Tuesday, January 21, 2014

There’s Still Hope: "Economically Viable Projects"

Giving your work for free?
Conversations about "how much should I charge for my professional services" has been around us throughout the whole life and happen in almost all professional areas, especially those where the price to pay for someone’s services is at the discretion of the one who offers, and is a discussion that can last for many hours, and even more when you gather representatives from both sides: the "selling cheaper I can get more customers" side and its counterpart, the "I’m not working for free" side.

As for me, I completely identify with Oscar Del Santo’s opinion in his blog post, entitled "‘All in two hours’ or how to discredit internet professionals"(in Spanish) and I identify myself, first as a deep defender of market freedom: each person does with his knowledge what he wants and sells it at the price he wants, and I also put myself completely on the side of those who try to protect and recognize the value of professional knowledge and experience.

And if each person has the right to do whatever it wants with its knowledge, it’s also true that that person has to bear with the consequences of its actions, whether these only affect that person alone or harm others who, on the same token, are also engaged on the same professional activity, thus generating a negative reputation for “the offender”.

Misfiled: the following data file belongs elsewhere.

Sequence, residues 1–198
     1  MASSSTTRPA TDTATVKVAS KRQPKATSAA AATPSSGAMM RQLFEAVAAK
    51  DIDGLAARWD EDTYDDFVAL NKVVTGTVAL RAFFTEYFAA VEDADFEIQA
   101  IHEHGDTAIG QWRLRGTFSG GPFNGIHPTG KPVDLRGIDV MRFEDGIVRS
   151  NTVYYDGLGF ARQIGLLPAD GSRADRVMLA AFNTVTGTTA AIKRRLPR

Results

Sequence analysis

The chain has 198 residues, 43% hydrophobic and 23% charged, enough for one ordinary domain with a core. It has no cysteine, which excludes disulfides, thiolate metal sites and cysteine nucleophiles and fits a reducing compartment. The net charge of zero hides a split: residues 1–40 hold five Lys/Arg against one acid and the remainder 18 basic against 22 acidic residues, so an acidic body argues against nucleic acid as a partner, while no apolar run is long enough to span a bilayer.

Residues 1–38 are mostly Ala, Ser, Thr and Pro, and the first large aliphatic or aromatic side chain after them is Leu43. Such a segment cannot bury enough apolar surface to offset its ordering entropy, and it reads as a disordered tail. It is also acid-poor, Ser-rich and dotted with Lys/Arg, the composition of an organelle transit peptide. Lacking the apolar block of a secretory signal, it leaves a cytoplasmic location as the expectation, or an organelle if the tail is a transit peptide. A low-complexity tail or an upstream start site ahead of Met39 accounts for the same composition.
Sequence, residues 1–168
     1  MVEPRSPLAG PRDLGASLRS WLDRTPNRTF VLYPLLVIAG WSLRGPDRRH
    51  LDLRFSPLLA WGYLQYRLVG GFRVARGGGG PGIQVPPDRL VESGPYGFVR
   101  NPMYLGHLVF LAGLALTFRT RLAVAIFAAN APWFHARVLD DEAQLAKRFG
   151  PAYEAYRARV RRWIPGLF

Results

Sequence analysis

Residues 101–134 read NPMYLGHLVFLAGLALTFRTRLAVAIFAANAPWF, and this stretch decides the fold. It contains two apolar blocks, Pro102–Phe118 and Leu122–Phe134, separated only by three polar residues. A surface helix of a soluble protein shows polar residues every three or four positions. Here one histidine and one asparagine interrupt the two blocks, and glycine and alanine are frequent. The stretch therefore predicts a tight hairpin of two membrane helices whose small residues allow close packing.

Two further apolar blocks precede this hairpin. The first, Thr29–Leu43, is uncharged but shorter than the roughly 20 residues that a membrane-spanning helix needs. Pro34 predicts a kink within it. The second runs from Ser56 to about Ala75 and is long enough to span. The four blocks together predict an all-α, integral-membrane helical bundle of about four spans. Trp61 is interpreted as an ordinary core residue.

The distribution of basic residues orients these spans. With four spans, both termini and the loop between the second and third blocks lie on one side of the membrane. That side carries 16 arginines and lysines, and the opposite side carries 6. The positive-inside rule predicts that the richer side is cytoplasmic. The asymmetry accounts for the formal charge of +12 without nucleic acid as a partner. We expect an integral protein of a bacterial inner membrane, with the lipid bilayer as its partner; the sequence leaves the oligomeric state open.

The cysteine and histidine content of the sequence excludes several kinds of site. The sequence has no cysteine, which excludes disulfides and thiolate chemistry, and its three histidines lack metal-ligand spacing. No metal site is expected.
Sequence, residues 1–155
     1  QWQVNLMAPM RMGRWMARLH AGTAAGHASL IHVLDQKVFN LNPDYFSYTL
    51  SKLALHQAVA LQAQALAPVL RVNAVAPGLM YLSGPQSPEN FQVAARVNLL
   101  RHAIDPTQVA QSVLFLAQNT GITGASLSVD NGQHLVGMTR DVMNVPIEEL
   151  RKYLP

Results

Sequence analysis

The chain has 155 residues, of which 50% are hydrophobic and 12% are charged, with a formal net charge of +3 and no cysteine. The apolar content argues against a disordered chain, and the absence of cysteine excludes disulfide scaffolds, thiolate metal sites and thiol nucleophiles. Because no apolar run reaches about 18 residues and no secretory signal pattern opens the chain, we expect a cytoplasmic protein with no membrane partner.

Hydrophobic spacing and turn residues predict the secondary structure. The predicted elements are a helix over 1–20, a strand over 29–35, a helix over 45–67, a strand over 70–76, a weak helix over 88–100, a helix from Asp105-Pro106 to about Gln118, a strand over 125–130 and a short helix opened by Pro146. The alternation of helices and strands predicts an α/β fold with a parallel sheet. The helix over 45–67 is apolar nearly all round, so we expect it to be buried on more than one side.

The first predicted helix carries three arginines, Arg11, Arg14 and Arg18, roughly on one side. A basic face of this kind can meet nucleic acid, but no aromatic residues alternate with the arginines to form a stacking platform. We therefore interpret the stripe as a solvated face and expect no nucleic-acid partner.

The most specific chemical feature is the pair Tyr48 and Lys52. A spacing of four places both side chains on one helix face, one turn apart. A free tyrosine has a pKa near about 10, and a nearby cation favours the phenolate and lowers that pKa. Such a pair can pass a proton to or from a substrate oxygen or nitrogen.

What do I mean?

It's time to take on only projects that are "economically viable"

It's a statement I have been very familiar with for most of my professional career but took a very nice turn for me when heard it coming from a beloved friend, Patricia Sánchez Pardo, while we’re having a couple of beers and “tapas” with Pilar Perez Baz and her husband, at Santiago de Compostela.

Listening to an extraordinarily prepared and young professional like Patricia, who is truly a specialist in these issues of digital marketing and so forth, say that she’s not willing to get involved in projects that aren’t “economically viable", at her age, and during times when the things we see more frequently on the market are offers like "All in just two hours" as shown in Oscar’s post, or "All for 50 €" truly lit up my day and filled it with new hopes.

It’s necessary to vindicate the value of your work.

And I'm hopeful because I continuously see that this desire to restore the value of people’s work, professional training, the hours spent on a specific project, the value added to each of your clients after you offer them your expertise and advice as a consultant in the area of ​​your specialty, is becoming increasingly present not only in casual conversations as the one we had in Santiago, but also in specialized blogs like Oscar’s.

And that means a change is on its way.

But what do we mean by "Economically Viable Projects"?

It’s a project that is considered, first economically feasible, one that can be accepted and implemented, therefore can also be considered profitable. In short: the time investment you will make in such project will produce an amount of money that is in accordance with what you expect to receive in exchange for your professional value or, in the case of a company, to the professional value of it’s team.

Does that sound too complicated? Well, it's very simple indeed.

Like all products in the market , you have a tag price.